Walter E. Williams

Unfortunately, that doesn't happen. That Vietnamese producer might use those dollars to purchase something from a German producer. The German producer might use the dollars to purchase something from a Japanese producer. People willingly accept those dollars because, ultimately, they represent a claim on something in America. You might ask, "OK, Williams, I go along with what you're saying so far, but if that's true, how come we're running a large balance of payments deficit?"

Do a Web search for major foreign holders of U.S. Treasury securities. As of June 2003, foreign holdings of U.S. Treasury bonds totaled $1.347 trillion. Japan is the largest holder with $441 billion, followed by England with $122 billion and Mainland China with $122 billion. Thus, dollars are coming back to America, in this case to help sponsor Congress's profligate spending. Also, we mustn't forget that foreigners also use their dollars on Wall Street to purchase stocks, bonds and other financial instruments. All the nonsense we hear about balance of payments deficit ignores the fact that there are two types of accounts: a goods and services account and a capital account. Any imbalance in the goods and services account is offset by the capital account (stocks and bonds).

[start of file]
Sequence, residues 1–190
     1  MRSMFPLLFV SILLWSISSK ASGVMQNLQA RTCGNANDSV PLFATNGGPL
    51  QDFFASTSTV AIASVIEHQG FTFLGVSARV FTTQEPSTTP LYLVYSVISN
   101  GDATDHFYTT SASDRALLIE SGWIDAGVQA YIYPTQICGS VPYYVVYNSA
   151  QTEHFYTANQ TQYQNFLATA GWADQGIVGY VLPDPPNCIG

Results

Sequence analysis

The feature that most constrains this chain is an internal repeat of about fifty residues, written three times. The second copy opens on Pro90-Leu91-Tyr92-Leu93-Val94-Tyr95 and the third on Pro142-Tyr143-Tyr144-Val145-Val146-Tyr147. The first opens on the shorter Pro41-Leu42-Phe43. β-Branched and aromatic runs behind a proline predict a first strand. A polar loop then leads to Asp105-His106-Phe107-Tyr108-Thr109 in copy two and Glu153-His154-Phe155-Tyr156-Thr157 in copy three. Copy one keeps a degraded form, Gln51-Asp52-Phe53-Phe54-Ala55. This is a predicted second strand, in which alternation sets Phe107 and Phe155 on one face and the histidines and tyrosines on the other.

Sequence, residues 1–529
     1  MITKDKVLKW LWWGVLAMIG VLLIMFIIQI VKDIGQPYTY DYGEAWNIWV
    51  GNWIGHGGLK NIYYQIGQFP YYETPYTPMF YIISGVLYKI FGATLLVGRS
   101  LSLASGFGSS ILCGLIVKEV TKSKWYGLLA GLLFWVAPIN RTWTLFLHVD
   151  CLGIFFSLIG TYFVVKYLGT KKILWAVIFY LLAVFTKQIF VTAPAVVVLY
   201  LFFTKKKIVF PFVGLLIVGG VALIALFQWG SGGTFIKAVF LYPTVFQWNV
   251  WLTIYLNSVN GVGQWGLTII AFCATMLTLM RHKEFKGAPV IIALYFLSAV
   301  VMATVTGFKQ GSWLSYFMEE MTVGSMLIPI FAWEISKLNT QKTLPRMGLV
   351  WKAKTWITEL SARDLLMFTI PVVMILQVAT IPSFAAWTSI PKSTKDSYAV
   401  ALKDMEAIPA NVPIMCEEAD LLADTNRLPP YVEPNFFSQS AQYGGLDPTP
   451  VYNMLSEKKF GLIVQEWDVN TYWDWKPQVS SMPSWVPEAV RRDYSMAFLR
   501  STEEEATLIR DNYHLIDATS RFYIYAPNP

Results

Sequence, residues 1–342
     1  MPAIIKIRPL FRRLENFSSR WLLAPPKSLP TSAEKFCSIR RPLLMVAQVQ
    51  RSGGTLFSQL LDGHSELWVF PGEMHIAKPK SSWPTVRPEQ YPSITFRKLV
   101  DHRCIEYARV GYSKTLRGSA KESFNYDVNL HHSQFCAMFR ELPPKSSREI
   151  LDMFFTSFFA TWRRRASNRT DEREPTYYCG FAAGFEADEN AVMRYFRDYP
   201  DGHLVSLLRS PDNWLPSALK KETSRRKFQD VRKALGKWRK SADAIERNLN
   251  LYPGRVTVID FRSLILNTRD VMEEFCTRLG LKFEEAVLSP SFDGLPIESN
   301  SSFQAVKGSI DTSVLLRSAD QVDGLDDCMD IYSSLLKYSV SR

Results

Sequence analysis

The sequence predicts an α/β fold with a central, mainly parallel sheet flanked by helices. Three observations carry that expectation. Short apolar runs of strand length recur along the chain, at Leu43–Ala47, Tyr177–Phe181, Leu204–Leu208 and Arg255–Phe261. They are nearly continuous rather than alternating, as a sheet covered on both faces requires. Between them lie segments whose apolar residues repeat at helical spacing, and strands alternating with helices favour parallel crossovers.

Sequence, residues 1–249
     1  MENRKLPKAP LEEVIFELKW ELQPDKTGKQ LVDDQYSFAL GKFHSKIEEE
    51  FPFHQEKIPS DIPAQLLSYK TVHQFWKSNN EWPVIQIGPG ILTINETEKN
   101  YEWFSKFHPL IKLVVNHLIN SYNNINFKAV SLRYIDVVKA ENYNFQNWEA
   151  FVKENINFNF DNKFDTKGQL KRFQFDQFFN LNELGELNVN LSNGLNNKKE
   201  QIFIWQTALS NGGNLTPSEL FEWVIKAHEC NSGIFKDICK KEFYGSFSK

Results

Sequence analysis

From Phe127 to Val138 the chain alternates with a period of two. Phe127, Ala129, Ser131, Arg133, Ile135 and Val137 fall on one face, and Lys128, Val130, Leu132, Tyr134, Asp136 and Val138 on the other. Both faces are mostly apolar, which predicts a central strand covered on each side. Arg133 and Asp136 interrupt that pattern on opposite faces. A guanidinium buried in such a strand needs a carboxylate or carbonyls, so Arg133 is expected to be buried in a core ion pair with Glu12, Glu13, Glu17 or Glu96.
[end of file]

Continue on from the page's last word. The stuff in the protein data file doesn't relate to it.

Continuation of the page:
The bottom line is that free trade, while it might mean painful adjustments for the few, benefits immensely the many through cheaper prices and wider choice.

Walter E. Williams

Dr. Williams serves on the faculty of George Mason University as John M. Olin Distinguished Professor of Economics and is the author of 'Race and Economics: How Much Can Be Blamed on Discrimination?' and 'Up from the Projects: An Autobiography.'
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